9. Unique characteristics of Stem Cells • Stem cells can regenerate • Unlimited self renewal through cell division • Stem cells can specialize • Under certain physiologic or experimental conditions • Stem cells then become cells with special functions such as: • Beating cells of the heart muscle • Insulin-producing cells of the pancreas

  10. Unspecialization • Stem Cells are unspecialized • They do not have any tissue-specific structures that allow for specialized function • Stem cells cannot work with its neighbors to pump blood through the body (like heart muscle cells) • They cannot carry molecules of oxygen through the bloodstream (like RBCs) • They cannot fire electrochemical signals to other cells that allow the body to move or speak (like nerve cells)

  11. Self - Renewal (Regeneration) • Stem cells are capable of dividing & renewing themselves for long periods • This is unlike muscle, blood or nerve cells – which do not normally replicate themselves • In the lab, a starting population of SCs that proliferate for many months yields millions of cells that continue to be unspecialized • These cells are capable of long-term self-renewal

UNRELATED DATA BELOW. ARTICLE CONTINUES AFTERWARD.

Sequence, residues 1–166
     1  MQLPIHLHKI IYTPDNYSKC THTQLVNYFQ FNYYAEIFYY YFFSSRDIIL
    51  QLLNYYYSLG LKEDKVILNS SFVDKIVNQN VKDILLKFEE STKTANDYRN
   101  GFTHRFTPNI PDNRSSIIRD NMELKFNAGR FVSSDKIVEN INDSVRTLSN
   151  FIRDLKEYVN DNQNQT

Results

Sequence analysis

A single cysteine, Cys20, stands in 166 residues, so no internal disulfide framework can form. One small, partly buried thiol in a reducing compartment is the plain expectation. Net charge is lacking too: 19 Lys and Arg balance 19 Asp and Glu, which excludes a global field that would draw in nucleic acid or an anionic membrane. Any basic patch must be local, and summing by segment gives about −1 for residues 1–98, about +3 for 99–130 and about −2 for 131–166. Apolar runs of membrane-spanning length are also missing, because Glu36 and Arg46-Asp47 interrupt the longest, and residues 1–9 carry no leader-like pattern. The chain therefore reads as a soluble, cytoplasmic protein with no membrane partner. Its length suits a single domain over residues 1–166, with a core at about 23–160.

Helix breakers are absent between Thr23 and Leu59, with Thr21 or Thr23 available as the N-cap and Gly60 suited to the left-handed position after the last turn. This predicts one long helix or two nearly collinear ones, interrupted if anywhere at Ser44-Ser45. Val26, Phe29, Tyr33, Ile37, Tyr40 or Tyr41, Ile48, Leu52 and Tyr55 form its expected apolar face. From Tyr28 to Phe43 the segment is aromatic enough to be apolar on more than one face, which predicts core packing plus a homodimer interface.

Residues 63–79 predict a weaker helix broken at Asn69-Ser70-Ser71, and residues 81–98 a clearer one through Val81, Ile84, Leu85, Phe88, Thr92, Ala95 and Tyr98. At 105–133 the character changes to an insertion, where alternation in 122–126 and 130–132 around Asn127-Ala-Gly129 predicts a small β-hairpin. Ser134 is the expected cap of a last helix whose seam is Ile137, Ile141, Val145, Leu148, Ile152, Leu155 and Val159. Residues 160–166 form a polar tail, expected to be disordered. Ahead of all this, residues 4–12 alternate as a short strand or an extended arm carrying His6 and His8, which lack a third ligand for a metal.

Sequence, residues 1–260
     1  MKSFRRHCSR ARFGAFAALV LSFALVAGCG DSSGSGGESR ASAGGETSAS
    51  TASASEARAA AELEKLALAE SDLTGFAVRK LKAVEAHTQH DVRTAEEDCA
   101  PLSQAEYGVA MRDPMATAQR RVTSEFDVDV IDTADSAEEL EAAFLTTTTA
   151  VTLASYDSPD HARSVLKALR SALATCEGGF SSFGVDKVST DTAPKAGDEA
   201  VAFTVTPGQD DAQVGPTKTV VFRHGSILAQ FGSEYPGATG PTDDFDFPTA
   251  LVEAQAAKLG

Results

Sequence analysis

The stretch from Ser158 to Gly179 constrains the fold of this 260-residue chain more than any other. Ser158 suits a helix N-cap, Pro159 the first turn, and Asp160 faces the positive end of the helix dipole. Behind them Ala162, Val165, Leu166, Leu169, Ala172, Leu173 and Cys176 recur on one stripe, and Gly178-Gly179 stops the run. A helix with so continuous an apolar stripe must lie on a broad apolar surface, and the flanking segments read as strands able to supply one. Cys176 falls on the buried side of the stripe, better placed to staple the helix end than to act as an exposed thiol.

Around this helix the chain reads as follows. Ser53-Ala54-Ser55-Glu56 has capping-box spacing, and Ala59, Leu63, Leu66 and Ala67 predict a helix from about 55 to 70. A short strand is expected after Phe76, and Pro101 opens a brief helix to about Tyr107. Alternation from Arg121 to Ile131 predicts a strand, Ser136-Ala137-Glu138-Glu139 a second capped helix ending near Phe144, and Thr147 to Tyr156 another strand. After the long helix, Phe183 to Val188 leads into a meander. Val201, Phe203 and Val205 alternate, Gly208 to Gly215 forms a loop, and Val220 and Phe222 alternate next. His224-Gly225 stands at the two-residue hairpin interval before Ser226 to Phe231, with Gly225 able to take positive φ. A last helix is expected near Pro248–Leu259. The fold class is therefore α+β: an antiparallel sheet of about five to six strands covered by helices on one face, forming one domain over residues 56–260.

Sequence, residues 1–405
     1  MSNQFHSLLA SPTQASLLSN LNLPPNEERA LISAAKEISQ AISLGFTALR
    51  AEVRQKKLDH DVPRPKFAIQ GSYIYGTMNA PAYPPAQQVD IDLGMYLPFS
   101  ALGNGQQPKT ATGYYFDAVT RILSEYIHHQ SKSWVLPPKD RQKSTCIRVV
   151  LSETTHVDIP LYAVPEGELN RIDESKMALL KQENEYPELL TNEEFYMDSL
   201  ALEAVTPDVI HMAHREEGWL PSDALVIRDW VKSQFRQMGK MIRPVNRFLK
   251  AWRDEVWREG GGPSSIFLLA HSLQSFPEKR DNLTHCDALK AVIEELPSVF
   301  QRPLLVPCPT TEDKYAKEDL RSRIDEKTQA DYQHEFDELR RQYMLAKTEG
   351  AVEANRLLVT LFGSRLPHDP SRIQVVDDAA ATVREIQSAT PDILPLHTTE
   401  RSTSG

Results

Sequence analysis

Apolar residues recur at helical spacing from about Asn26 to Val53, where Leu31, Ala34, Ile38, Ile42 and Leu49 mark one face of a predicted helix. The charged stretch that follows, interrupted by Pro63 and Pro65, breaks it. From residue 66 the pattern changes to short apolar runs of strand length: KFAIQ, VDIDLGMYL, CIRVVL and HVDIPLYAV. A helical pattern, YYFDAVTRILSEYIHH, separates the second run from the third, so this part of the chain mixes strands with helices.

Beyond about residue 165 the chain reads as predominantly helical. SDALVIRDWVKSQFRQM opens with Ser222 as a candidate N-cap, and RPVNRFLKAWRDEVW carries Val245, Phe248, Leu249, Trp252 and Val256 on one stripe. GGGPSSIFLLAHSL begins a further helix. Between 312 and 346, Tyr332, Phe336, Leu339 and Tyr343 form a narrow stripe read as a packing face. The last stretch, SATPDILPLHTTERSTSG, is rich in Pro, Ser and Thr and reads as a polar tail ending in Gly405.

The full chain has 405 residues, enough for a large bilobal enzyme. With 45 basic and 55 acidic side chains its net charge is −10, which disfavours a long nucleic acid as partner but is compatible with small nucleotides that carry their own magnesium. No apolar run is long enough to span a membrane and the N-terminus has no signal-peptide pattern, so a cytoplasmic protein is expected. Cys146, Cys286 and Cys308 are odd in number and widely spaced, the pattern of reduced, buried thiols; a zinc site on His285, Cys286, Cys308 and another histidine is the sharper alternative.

12. Specialization of Stem Cells: Differentiation • Differentiation: unspecialized stem cells give rise to specialized (differentiated) cells in response to external and internal chemical signals • Internal signals: turn on specific genes causing differential gene expression • External signals include: • Chemicals secreted by other cells such as growth factors, cytokines, etc. • Physical contact with neighboring cells

  13. Differentiation • Why do your body cells look different although they all carry the same DNA, which was derived from one fertilized egg? • Differentiation example (

  14. Potential of Stem Cells (vocab) • Totipotent (total): • Total potential to differentiate into any adult cell type • Total potential to form specialized tissue needed for embryonic development • Pluripotent (plural): • Potential to form most or all 210 differentiated adult cell types • Multipotent (multiple): • Limited potential • Forms only multiple adult cell types • Oligodendrocytes • Neurons

  15. Adult Stem Cells • Adult or somatic stem cells have unknown origin in mature tissues • Unlike embryonic stem cells, which are defined by their origin (inner cell mass of the blastocyst)